Hillary Clinton was candid in her concession speech yesterday. In urging Americans to keep fighting "for what's right," she said that her loss Tuesday night was "painful, and it will be for a long time."
Nearly none of the world leaders who weighed in on the shocking election outcome were as frank. Many of them bowed to diplomatic obligations and congratulated Donald Tump on his victory, even after criticizing his divisive rhetoric during the campaign. U.K. PM Theresa May, for instance, gave Trump kudos on his "hard-fought campaign," and said she looked forward to working with him on "trade, security, and defense."
There was one leader to diverge from the litany of niceties. Liberian president Ellen Johnson Sirleaf expressed worry that Trump wouldn't make Africa a priority. "We are concerned as to whether president-elect Trump will have an African agenda, will be able to build bridges with Africa," she told the BBC. "We can only hope that he will do so in due course." And she expressed what many gender equality advocates are likely feeling. “We are extremely saddened by this missed opportunity on the part of the people of the United States to join smaller democracies in ending the marginalization of women."
“It’s the beginning of something new”
Ilhan Omar, a 34-year-old Muslim-American woman who wears the hijab, became the United States' first Somali-American legislator when she won a seat in the House of Representatives on Tuesday. She moved to the U.S. at the age of 12. Before that she'd lived in a Kenyan refugee camp for four years after escaping the Somali civil war.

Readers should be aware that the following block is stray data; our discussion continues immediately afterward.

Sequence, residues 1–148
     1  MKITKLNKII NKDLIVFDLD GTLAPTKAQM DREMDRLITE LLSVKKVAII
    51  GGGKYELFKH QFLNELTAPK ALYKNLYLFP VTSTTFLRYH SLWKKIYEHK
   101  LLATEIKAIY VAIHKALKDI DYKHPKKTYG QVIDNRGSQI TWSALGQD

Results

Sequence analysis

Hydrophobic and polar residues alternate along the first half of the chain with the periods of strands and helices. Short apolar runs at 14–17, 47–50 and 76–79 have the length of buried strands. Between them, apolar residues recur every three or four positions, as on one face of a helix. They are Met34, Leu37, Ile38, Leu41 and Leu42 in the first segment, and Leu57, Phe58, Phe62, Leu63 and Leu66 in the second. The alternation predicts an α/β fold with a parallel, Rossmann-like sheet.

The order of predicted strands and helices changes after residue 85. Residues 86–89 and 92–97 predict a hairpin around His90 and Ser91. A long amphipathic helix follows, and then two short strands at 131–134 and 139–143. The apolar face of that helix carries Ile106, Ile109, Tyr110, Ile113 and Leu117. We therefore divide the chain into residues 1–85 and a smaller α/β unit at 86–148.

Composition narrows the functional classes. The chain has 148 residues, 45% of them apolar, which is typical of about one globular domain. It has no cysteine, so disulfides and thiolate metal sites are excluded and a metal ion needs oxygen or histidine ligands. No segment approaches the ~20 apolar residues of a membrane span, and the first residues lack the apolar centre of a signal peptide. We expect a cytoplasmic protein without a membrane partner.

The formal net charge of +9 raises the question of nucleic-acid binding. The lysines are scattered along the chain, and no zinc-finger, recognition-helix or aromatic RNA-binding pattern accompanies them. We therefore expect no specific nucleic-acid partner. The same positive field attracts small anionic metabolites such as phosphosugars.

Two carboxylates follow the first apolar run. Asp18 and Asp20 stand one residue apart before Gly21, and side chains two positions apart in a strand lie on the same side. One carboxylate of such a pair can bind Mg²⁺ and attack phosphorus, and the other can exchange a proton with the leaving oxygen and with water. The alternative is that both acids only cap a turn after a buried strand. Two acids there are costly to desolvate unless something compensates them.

Breaking an LGBT barrier
Oregon became the first U.S. state to elect an openly LGBT governor on Tuesday night when Kate Brown secured the position. Brown was the incumbent since she took over for the governor when he resigned from office in 2012, but she ran properly this year and won.
When Clinton gave her concession speech yesterday, she did so in a black pantsuit with a purple lapel. Bill Clinton wore a purple tie and Anne Holton, wife of vice presidential nominee Tim Kaine, matched too. The color is a nod to the suffrage movement of the early 1900s, in which purple was a symbol for dignity.
Close enough to call
In one of the races that was too close to call until yesterday afternoon, New Hampshire governor Maggie Hassan, a Democrat, unseated Senator Kelly Ayotte, a Republican. The race was tight given the large number of independents in the state, and it ended up being extraordinarily expensive as the candidates spent $120 million combined.
Signaling a setback
Visaka Dharmadasa, founder of the Association of War-Affected Women of Sri Lanka and a key figure in her country’s peace process, said Trump's victory is being interpreted by women's rights groups as a setback. “It would have been a very, very nice thing to have a woman heading the world superpower,” she said. “It’s a shattered dream for us."
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--Gloria Steinem on the election of Donald Trump.